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Things That Get Overlooked by Home Inspectors

Putting your potential new home through an inspection is an important part of the closing process, as this is when the inspector sifts through your home from top to bottom looking for anything that might be an issue either presently or in the future. But as much as your inspector is a professional and is likely to keep an eye out for the big things, there may be some little things the home inspector might miss – and those little ones can add up to big dollars later on.

One of the first things you’ll want your inspector to catch when you arrange for a thorough home inspection is whether or not all your new-to-you appliances are good to go, or on the verge of disrepair. This means checking out the washer and dryer, dishwasher and fridge for leaks or issues with their functionality. Have them be as thorough as possible with their inspection – it can make a big difference to catch a faulty or leaky appliance before it wreaks havoc on your new home.

Speaking of leaks, make sure your faucets are part of their inspection list. And that doesn’t mean a cursory on/off check – that means leaving them running in your bathroom, kitchen and anywhere else that a faucet can be turned on and tested. Each sink needs to be filled to test the drains and pipes. And while they’re testing the shower, have them test the shower tiles (if you have them) to ensure they’re in tip top shape as well. If the tiles are poorly caulked, that could create water damage down the road.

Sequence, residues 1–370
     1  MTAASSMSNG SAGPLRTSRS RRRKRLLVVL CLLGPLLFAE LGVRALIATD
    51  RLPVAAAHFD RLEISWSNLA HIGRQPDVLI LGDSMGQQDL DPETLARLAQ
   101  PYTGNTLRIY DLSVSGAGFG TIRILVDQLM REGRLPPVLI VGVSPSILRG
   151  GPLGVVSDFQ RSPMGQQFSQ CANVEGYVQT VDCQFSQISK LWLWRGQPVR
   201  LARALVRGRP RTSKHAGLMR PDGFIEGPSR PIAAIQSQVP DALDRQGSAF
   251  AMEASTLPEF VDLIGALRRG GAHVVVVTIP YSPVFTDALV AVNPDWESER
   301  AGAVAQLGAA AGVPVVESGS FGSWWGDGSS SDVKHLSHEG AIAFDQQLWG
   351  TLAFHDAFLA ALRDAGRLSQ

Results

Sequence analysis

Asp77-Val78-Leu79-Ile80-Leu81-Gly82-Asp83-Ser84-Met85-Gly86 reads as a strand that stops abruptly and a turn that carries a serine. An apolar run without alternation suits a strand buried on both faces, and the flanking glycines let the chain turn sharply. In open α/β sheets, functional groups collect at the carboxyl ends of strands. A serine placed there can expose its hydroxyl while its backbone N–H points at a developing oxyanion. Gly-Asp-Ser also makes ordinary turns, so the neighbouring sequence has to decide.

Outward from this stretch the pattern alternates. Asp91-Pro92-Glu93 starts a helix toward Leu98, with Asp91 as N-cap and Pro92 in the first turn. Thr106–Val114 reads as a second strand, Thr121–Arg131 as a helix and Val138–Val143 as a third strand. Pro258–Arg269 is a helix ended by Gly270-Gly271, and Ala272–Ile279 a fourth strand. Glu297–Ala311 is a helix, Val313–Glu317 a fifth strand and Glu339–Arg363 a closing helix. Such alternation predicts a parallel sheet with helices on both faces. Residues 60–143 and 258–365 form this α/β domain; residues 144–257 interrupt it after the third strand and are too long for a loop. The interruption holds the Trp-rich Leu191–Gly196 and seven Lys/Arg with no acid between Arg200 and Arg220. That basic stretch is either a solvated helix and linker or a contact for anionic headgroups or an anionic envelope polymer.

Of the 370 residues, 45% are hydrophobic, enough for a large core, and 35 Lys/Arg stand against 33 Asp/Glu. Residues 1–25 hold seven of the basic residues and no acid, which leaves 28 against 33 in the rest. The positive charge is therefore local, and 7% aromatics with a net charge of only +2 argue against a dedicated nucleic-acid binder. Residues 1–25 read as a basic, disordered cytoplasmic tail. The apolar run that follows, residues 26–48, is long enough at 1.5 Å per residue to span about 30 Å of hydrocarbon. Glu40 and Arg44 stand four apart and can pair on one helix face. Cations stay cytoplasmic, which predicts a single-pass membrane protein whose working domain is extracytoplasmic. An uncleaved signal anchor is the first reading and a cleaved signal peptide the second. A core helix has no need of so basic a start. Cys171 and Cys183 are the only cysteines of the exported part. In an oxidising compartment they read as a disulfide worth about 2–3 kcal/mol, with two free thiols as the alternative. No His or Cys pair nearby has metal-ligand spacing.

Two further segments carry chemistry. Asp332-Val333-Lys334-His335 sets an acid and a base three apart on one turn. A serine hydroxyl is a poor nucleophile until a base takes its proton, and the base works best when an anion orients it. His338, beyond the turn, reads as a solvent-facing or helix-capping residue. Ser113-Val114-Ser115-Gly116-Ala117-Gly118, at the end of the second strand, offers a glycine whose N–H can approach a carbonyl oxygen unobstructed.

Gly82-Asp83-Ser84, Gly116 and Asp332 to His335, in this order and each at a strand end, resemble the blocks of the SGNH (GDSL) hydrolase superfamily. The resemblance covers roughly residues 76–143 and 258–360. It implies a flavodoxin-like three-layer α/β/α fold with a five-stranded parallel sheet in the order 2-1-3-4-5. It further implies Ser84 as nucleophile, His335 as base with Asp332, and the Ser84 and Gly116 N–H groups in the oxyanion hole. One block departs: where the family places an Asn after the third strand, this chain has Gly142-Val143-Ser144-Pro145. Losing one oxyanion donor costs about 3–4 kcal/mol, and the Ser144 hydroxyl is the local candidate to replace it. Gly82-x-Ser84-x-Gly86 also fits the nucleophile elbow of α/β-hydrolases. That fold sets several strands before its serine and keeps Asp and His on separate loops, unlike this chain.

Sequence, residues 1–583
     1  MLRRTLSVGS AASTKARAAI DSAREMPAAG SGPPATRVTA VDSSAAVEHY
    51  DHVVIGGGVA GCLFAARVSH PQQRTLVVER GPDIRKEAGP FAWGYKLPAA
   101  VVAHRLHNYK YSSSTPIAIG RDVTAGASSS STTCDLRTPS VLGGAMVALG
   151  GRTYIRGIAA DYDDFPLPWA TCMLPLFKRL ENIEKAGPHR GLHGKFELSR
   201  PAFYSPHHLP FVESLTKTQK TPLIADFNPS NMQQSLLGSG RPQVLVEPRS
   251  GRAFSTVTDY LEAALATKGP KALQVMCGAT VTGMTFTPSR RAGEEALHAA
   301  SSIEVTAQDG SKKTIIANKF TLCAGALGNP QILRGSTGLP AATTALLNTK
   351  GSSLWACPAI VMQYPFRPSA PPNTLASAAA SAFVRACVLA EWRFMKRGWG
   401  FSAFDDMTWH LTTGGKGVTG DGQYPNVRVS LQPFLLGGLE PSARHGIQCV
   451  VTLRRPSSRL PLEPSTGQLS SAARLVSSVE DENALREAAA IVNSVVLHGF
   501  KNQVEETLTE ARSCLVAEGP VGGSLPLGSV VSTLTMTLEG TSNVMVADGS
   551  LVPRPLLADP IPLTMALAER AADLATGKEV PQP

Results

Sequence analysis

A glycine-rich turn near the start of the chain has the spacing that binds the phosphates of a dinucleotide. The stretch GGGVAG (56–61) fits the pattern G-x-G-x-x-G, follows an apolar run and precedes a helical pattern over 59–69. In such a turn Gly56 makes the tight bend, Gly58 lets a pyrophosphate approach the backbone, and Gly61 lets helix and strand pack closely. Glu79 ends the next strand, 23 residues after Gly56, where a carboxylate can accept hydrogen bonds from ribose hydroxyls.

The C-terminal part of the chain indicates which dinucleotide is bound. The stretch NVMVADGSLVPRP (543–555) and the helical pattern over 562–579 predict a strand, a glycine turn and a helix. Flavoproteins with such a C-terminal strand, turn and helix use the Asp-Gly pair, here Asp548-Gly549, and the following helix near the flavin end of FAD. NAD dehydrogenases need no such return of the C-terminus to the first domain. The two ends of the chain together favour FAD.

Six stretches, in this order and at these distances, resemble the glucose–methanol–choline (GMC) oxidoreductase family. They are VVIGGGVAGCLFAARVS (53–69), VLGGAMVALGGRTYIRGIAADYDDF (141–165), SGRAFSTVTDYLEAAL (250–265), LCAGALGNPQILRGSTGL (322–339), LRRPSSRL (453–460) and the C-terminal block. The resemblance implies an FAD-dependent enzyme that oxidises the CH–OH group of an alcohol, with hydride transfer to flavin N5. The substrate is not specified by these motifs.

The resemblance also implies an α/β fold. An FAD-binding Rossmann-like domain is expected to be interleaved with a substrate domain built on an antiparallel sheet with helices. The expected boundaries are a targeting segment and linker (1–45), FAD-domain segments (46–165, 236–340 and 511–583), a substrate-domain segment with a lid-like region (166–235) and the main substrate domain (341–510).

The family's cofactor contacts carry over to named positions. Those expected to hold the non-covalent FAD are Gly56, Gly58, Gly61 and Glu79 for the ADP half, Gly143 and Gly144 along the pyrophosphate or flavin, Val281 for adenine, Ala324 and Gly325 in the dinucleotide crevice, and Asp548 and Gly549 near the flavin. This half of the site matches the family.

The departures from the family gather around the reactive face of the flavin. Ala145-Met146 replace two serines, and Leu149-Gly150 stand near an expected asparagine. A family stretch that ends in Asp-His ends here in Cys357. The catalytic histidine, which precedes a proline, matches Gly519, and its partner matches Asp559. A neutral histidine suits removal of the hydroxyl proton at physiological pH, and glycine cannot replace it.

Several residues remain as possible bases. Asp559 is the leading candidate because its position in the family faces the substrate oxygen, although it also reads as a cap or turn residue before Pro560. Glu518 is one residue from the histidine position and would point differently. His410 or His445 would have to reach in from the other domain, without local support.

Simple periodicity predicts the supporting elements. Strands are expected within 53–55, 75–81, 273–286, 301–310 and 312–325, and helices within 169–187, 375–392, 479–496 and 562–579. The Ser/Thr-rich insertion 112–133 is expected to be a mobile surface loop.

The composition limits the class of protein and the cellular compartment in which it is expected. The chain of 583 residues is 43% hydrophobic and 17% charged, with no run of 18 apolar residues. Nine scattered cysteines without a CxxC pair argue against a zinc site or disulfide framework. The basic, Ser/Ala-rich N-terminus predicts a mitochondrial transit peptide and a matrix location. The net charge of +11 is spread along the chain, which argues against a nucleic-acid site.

If your inspector doesn’t automatically inspect your drainage and sewage pipes, make sure you ask them to do so in order to check for cracks. This will require a special camera, so make sure you ask them in advance. It’ll add more to your final inspection bill, but it could save you buckets of cash as you avoid having to replace an entire piping system that suddenly stops working because you didn’t spot the fix earlier on.

It’s also wise to have your air conditioning tested for corrosion if you have central air and heating. If it’s cool out, your inspector may not turn on the AC because it can get damaged, so in that case, ask your inspector how they check for issues or damage. If it’s hot out, the AC will need to run for at least a couple hours to get an accurate sense of how it works.

Sometimes, homeowners try to save on house fixes by doing things themselves, which can be a blessing and a curse. If the previous owner was an amateur electrician, liked to make questionable repairs to appliances, attempted their own home renovation or maybe went so far as to make an addition, you’ll want your inspector to go through everything with a fine-tooth comb to make sure they’re not a major hazard… or if they are, make recommendations on how to fix everything.

You’ll also want to make sure they check out your porch, deck and/or balcony for dampness, which can cost major damage if left unchecked. Look for cracks and other issues that may lead to water seepage, and discuss options for repair. Remember, the more you know can save you – and your home – in the long run.

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